How Adjustable Rate Mortgages Work
During the last decade, Adjustable Rate Mortgages (ARMs) have increased in popularity among consumers. These days, few homeowners (especially first-time buyers) remain in their homes for more than seven years. In this case, it often makes sense to get an adjustable rate mortgage with a lower rate, especially one with a five-year or seven-year fixed portion, since they won’t have the loan long enough to be concerned about rate fluctuation.
Adjustable Rate Mortgages have three main features: Margin, Index, and Caps. The Margin is the fixed portion of the adjustable rate. It remains the same for the duration of the loan. The Index is the variable portion. This is what makes an ARM adjustable. Margin + Index = Interest Rate.
It’s important to understand that there are many different indices: The 11th District Cost of Funds (COFI), the Monthly Treasury Average (MTA), The One Year Treasury Bill, the Six Month Libor, etc. Each index has its own strengths and weaknesses; some are slow moving, others are more aggressive.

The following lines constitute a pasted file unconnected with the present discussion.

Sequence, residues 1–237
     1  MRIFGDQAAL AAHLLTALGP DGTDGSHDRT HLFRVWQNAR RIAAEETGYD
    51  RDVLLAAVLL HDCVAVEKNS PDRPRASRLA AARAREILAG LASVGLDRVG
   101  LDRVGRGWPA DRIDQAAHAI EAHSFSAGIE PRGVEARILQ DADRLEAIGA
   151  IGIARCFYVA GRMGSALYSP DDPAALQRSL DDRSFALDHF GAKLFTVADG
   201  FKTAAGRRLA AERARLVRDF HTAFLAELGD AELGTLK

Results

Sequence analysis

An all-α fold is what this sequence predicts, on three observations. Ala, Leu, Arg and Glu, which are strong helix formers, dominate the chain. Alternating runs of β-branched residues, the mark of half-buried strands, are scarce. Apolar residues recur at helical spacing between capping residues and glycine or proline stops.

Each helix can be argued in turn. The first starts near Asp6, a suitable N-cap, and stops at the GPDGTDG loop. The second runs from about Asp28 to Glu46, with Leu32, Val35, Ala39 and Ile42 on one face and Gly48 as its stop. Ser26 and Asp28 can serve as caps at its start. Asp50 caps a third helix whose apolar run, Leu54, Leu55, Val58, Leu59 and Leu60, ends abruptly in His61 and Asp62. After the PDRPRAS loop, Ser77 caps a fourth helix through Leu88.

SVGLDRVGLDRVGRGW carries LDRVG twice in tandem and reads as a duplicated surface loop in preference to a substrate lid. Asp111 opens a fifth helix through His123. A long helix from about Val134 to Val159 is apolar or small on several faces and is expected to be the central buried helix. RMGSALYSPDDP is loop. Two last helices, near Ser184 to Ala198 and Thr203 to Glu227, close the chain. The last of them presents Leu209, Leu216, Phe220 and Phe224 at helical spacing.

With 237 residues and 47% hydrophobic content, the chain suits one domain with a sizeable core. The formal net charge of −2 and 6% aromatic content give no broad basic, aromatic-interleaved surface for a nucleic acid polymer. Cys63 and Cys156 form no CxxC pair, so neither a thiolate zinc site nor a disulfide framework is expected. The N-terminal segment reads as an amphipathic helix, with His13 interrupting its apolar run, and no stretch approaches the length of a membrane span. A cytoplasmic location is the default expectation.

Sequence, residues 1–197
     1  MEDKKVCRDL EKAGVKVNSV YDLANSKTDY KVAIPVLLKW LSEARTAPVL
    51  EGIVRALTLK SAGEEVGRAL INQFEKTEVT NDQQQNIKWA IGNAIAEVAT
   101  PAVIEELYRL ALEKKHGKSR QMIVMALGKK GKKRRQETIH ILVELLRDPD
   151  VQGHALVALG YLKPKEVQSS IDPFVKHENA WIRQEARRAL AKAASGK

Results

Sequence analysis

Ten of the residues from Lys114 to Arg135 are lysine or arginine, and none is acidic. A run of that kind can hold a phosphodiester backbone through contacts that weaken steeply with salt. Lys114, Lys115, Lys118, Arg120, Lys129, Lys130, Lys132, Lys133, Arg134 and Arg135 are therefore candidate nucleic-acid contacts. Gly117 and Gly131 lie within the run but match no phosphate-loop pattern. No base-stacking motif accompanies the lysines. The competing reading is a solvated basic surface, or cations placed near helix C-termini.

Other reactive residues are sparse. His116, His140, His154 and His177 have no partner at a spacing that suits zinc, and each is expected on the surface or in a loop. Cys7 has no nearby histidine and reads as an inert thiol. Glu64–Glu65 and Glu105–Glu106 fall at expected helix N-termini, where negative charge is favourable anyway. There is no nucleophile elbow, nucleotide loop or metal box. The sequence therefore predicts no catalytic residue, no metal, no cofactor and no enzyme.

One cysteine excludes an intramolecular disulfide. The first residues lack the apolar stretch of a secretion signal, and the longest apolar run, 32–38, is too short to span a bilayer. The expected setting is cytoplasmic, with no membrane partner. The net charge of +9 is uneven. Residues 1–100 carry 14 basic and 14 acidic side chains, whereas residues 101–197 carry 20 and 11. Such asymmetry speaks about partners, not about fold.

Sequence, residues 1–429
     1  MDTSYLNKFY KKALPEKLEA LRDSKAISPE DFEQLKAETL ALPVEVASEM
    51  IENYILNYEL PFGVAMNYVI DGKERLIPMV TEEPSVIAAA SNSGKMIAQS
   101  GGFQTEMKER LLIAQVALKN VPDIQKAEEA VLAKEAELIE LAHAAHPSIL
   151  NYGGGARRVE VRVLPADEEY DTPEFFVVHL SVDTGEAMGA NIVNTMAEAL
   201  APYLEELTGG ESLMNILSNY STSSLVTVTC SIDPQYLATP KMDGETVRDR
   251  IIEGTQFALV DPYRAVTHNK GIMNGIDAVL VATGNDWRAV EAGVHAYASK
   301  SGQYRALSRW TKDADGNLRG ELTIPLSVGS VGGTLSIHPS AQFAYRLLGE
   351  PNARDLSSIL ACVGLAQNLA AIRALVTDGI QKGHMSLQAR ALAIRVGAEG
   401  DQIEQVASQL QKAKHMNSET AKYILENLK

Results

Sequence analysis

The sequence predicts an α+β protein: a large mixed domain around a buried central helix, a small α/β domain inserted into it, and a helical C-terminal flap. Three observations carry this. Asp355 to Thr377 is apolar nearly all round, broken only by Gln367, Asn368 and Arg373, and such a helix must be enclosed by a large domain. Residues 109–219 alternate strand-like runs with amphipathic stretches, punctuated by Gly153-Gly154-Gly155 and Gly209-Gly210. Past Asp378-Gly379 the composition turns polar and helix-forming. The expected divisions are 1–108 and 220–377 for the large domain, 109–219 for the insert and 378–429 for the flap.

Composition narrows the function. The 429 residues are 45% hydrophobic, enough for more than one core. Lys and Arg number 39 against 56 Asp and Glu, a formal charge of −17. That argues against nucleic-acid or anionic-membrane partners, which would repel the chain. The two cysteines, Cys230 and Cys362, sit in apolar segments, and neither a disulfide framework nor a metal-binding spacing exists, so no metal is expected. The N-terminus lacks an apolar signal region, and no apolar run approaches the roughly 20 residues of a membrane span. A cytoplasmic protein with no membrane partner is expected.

The third and final component of Adjustable Rate Mortgages is Caps. Caps limit how much the rate can fluctuate over time. Annual Caps limit changes to the annual rate, whereas Life Caps provide a worst-case scenario over the life of the loan.
This information is brought to you by Michelle Hayes of HAYES mortgage group. For information regarding this and other mortgage related issues contact Ms. Hayes at (970) 926-1141, or firstname.lastname@example.org. Visit her website at http://www.hayesfinancial.com.
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